- Jowls are a result of reduced collagen and elastin
- Smoking, weight loss, dehydration and genetics contribute to their development
- Several treatments are available to reduce their appearance
- Adopting good skin care routines and healthy habits will help you avoid developing jowls
Jowls are the result of thinning skin, loss of elasticity and sagging at the jawline. Factors such as sun damage, weight loss and genetics can increase your risk of developing premature jowls. However, a combination of preventative methods and treatment options can help keep them at bay.
What Causes Jowls?
Jowls develop when skin has low levels of certain proteins that are key to skin elasticity and firmness. While most protein loss is due to aging, lifestyle and genetics also play a role.
Collagen and elastin loss
Connective tissues are made up of collagen and elastin, proteins that keep skin taut and firm. As people age, these proteins break down, loosen skin and result in jowls.
Too much exposure to the sun’s ultraviolet rays results in damage to the skin, known as photoaging. Photoaging contributes to accelerated elastin breakdown, which reduces the skin’s ability to maintain a smooth state. Lack of elastin leads to increased signs of aging such as crow’s feet, forehead lines and jowls.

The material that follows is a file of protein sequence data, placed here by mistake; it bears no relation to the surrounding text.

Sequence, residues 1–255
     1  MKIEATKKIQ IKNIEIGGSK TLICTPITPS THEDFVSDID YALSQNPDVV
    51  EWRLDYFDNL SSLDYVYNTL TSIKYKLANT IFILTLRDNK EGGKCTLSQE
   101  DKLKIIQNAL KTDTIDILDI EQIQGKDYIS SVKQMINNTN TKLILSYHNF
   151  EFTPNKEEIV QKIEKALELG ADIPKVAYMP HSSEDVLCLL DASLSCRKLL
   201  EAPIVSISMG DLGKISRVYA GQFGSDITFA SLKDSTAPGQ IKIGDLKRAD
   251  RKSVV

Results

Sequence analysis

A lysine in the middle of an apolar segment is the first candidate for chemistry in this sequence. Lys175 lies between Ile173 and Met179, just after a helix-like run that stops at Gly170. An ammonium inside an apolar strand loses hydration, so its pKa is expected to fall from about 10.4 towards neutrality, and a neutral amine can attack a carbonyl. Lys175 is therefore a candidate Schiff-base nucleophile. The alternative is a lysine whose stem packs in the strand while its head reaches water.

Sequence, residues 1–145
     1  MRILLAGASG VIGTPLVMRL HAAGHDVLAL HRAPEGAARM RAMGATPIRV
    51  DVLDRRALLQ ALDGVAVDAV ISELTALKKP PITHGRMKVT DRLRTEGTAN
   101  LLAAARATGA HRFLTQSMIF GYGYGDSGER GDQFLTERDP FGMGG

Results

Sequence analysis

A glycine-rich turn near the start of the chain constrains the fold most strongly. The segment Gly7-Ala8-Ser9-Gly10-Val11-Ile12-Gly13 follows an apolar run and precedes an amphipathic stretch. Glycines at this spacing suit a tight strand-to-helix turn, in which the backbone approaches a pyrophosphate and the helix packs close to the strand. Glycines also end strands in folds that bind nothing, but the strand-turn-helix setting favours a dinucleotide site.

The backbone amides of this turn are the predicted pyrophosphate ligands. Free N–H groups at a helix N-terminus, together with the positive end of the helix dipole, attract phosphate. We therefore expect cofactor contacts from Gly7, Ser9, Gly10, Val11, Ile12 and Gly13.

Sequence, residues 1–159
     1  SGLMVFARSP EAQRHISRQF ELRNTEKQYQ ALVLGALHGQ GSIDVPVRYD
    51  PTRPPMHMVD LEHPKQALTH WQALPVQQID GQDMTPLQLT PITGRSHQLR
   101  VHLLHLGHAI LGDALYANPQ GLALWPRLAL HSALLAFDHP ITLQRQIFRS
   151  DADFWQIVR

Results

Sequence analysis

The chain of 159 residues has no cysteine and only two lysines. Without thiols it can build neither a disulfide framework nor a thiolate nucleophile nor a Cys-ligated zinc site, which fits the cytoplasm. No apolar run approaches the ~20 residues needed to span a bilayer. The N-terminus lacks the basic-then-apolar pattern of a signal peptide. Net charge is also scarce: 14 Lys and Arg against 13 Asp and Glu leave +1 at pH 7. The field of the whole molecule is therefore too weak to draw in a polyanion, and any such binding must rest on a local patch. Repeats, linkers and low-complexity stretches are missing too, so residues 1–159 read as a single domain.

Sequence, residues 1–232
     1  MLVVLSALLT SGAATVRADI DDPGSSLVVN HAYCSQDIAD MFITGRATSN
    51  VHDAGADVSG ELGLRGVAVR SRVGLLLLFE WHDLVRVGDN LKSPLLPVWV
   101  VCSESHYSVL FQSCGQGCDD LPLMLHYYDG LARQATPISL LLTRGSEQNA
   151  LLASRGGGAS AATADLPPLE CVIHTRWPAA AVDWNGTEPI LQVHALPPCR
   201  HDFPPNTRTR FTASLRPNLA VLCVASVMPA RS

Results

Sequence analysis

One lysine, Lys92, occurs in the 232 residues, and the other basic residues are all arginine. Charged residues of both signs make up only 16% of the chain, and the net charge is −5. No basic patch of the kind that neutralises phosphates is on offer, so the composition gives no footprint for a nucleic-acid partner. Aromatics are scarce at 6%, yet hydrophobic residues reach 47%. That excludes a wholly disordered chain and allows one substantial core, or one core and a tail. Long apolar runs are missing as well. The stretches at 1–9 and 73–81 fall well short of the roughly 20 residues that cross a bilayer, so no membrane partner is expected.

Those who experience extreme weight loss can also develop jowls – and loose skin on the body, in general. Skin stretches to accommodate extra weight, so if you drop pounds quickly you run the risk of your skin not having time to “bounce back” and it remains in its stretched-out shape.
Nicotine constricts blood vessels, robbing skin of the vitamins and oxygen necessary to maintain a youthful appearance. Moreover, smokers have lower rates of collagen production than nonsmokers. In the long term, if adequate levels of collagen are not maintained, the greater the likelihood of sagging skin and inevitably, jowls.
Look to older members of your family for clues to genetic predisposition: If they have jowls, the likelihood is greater that you will too eventually. Something beyond your control makes it all the more important to control the things that you can, such as following a healthy lifestyle.
Reducing the Appearance of Jowls Without Surgery
Many nonsurgical methods are available to reduce the appearance of jowls. The reason you developed them and the amount of skin laxity you’re currently experiencing may determine which procedure or procedures you’re a good candidate for.
In cases where jowls are caused by photoaging, one reductive measure is a chemical peel. This procedure is proven to reduce signs of skin damage caused by ultraviolet exposure. A chemical peel can both remove the uppermost layer of damaged skin and stimulate collagen and elastin production. Potential side effects are redness, changes in pigmentation and in rare cases, scarring.